Blog: Leonie BarrieEU debates its textile future

Leonie Barrie | 30 June 2004

As I write this, policy-makers, businesses and other groups will be ending a day-long meeting in Brussels where they have been discussing ways to boost the competitiveness of the EU textiles and clothing industry after quotas are scrapped next year.

EU Trade Commissioner Pascal Lamy has already quashed calls for the EU to lend its support to an extension on quotas, saying that the “EU will stand by the commitments we took in 1995 in the WTO to phase out all textiles quotas by 1 January 2005. Our market will remain open to imports, especially those from the weakest developing countries, but we also need to ensure that third countries reduce barriers to EU exports of textiles and clothing. We will also remain vigilant to act against unfair trading practices.”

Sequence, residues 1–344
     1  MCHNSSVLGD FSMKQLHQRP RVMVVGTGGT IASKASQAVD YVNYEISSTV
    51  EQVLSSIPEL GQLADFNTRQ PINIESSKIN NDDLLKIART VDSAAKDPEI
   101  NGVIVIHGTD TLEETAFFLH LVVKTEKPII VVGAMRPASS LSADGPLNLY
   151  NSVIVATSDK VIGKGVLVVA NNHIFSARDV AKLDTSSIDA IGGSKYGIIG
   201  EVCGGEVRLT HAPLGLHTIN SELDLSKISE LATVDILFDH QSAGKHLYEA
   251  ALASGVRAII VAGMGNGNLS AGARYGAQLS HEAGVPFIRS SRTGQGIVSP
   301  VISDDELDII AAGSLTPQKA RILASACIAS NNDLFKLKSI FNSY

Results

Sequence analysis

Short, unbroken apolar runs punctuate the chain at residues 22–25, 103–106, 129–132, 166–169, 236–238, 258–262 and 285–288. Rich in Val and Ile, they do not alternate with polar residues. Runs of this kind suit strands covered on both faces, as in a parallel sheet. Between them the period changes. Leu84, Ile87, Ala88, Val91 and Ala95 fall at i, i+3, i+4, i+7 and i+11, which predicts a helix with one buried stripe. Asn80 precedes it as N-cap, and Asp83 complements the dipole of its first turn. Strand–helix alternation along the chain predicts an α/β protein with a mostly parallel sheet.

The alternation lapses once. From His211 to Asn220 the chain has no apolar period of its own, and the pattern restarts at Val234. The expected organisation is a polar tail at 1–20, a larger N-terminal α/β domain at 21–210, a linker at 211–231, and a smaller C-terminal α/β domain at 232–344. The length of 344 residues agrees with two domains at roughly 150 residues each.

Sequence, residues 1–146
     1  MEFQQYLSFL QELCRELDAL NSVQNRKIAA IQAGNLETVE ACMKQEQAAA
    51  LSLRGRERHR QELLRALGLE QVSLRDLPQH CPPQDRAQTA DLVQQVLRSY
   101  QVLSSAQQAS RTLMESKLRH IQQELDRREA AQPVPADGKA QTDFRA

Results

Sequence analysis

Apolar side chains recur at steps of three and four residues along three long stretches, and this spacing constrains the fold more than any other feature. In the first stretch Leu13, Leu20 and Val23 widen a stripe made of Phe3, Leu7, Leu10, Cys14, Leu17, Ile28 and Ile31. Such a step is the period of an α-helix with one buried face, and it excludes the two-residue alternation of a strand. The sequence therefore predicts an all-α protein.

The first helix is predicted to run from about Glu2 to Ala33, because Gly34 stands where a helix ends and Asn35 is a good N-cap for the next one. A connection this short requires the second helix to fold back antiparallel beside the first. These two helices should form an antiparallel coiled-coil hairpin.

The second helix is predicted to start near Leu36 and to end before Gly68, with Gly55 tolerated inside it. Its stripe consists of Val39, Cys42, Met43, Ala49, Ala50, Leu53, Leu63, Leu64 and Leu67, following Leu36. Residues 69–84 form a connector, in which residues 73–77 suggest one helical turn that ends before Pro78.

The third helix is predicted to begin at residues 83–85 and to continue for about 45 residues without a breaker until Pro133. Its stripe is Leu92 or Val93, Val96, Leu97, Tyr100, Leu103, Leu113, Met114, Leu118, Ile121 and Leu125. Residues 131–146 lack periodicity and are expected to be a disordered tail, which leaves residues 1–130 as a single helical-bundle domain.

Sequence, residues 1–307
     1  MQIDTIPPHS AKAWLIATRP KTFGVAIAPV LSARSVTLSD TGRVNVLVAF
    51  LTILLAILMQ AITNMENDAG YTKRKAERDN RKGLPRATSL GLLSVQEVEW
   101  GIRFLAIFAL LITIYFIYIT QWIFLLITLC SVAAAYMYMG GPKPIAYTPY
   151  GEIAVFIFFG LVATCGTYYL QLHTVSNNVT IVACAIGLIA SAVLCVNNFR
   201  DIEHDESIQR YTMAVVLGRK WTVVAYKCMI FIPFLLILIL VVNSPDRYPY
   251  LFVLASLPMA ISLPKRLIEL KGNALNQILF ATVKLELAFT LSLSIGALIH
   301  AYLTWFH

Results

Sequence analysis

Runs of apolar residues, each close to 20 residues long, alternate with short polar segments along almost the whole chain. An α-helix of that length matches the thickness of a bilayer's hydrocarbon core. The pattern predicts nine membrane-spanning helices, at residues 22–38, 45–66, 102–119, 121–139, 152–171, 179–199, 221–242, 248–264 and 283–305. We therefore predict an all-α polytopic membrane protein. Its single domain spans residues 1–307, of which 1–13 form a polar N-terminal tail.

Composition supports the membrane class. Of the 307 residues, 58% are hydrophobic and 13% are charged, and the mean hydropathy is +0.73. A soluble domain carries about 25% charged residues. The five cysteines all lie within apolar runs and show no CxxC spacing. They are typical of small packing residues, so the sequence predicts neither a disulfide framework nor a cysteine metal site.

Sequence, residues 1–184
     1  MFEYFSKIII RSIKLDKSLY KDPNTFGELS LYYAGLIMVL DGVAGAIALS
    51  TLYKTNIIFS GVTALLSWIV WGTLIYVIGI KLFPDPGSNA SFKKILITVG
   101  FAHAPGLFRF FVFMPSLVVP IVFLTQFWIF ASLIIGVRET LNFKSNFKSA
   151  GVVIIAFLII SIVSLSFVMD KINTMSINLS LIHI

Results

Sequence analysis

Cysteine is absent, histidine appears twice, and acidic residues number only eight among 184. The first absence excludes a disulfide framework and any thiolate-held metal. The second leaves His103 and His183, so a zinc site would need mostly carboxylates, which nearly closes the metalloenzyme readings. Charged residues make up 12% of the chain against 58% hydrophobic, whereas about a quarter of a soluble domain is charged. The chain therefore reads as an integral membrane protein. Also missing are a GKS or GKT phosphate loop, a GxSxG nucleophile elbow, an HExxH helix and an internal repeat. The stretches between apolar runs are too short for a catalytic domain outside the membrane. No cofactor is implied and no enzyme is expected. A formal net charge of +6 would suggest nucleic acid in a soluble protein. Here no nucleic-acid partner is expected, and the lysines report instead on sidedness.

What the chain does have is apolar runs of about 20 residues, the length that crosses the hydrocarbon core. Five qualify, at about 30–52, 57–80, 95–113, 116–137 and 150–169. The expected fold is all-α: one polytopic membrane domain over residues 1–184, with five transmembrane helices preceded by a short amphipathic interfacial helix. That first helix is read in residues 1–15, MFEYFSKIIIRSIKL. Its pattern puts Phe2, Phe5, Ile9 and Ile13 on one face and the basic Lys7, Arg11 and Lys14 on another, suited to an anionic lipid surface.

Many are already reading between the lines. Will the EU instead raise new restrictions on China’s cheap exports, including trade barriers and tariffs? The evidence suggests it will. For instance, as a designated "poor country," China receives rebates on import duties into the EU and it seems likely these will be scrapped to make way for more needy recipients like Cambodia and Bangladesh. The EU will also want to see greater transparency in Chinese textiles pricing.

In short, the EU will use whatever means it can to boost its own textile industry. And there is still a lot at stake. The EU is the world's biggest exporter of textile products and the second largest exporter of clothing products after China, employing 2.7 million workers and generating a total turnover in excess of €225 billion in 2003. But will it be able to make its changes before the quota system expires in December? It seems unlikely: the Commission will prepare a report by September but it is doubtful EU ministers will vote on the proposals before the end of the year.


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